Good Fruit Grower

May 15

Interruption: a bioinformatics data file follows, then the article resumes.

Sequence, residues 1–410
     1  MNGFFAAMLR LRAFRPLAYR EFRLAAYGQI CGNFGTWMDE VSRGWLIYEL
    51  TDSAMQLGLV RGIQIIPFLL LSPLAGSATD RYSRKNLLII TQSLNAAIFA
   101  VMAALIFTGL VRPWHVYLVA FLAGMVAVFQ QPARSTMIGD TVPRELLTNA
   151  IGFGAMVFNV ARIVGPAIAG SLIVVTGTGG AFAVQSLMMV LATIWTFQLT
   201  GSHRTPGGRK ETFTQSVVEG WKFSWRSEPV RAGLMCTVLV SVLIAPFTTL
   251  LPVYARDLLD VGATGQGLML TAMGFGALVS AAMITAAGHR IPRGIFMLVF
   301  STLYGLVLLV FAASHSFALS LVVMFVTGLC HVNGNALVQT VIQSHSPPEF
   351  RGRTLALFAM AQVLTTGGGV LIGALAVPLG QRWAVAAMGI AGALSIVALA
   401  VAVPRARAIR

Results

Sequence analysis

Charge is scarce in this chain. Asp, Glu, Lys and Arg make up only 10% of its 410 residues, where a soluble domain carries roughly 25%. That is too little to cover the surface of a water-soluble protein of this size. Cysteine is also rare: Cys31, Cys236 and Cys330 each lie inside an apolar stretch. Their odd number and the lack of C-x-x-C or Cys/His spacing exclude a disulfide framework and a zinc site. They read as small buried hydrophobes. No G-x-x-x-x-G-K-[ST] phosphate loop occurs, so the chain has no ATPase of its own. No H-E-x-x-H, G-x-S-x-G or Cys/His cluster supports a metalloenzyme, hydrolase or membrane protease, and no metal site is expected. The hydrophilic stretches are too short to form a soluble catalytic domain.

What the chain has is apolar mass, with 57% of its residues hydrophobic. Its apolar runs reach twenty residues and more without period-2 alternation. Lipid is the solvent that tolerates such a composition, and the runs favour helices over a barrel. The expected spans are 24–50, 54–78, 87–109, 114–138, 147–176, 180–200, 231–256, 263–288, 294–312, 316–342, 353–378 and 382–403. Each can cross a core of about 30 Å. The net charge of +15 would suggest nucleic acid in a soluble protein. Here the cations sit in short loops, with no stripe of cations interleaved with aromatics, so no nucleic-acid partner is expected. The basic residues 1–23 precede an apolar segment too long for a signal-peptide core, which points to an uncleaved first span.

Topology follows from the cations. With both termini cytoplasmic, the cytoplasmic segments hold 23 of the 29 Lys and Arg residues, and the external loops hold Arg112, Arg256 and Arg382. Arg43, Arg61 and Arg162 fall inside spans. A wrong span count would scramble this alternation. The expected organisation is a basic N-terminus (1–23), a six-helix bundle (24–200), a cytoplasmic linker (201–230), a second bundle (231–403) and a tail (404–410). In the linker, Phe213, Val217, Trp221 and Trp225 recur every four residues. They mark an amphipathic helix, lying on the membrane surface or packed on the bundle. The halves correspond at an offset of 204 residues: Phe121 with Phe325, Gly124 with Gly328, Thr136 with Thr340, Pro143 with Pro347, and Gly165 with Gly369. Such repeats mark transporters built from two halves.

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Page 24 of 63 Good Fruit Grower MAY 15, 2016 25 T he 2015 season marked a rebuilding year of sorts for Washington State University's sweet cherry breeding program, with a focus on horticultural practices in the orchard, but research continues into new varieties that will meet growers' needs. Established in 1949, the cherry breeding program had its first major release with the popular blush Rainier vari- ety in 1952, and growers continue to seek new varieties that are easier to grow and extend the growing season — and, ultimately, expand growers' spot in the marketplace. In 2015, research focused on trellis and netting instal- lation for early selections, standardization of irrigation systems and phenotyping protocols, and accurate plot mapping — all of which led to improvement of tree health and uniformity. Phenotype evaluation continued in 2015, with focus on a number of selections that previously advanced to phase two and phase three trials. One that's getting particular attention: R25, a dark red selection that ripens several days earlier than Chelan. Trials Phase one trials involve evaluating the initial cross; to advance to phase two, fruit must meet minimum standards for size, firmness and target market class. Phase two selections have been planted at four sites in Washington (Pasco, Prosser and Wenatchee) and Oregon (Hood River), with phase three selections planted in Pasco and Orondo, Washington, and in Hood River. In addition to size and firmness, selections are then compared to conventional varieties in the following areas: —Early season blush or red cherries with cracking tolerance. —Late season blush or red cherries, especially those with resistance to mildew. —Selections suited to mechanical harvesting without stems. —Midseason red cherries that are bigger and firmer than Bing. In 2015, none of the red selections in phase two met the size and firmness standards set by the Breeding Program Advisory Committee (BPAC). Several red selec- tions did better than Bing and Sweetheart, the control varieties, but failed to meet the target, according to Dr. Ines Hanrahan, research scientist for the Washington Tree Fruit Research Commission. "Some of this can be explained by the less than opti- mal horticultural conditions the trees were grown in the previous year. We amended these problems, so next year we should have a much better look," she said. Three blush selections made the cut, "so we have a lot of material that is quite promising in the blush selections that is early to midseason timing, or between Early Robin and Rainier timing," Hanrahan said. One red selection, Roza 2 (R2), was believed to be a Chelan replacement, but researchers saw a number of problems with it in 2015. "We had uneven maturity on the tree and a lot of pre-harvest drop. The fruit size was cherry WSU makes changes to sweet cherry program. by Shannon Dininny © 2016, Trécé Inc., Adair, OK USA • TRECE, PHEROCON and CIDETRAK are registered trademarks of Trece, Inc., Adair, OK USA TRE-0869 PLEASE: ALWAYS READ THE LABEL DECREASES DAMAGE! 40% Average Reduction Compared to Insecticide Alone. * INSEC T PHEROMONE & KAIROMONE SYSTEMS INCORPORATED ® Your Edge – And Ours – Is Knowledge. CIDETRAK ® DA MEC ™ contains a novel, patented kairomone in a micro-encapsulated liquid formulation that influences the behavior of adult and larval Codling Moth, resulting in significant enhancement of the control of Codling Moth larvae when tank mixed with various insecticides. Additionally, Codling Moth adult control is significantly enhanced when mixed indirectly with airborne Codling Moth pheromone applied as a mating disruption treatment. • What it does: Disrupts oviposition. Changes larval behavior: Stops/delays locating fruit; stops/delays fruit entry and reduces damage. • How to use it: Simply tank mix with each insecticide application. • Longevity: More than 14 days following application. Contact your local supplier and order now. Visit our website: or call 1- 866 -785-1313. ENHANCED CODLING MOTH LARVAL CONTROL MICRO-ENCAPSULATED SPRAYABLE! *Based on USDA analysis global data base. Available in 10, 20 and 40 acre container sizes!

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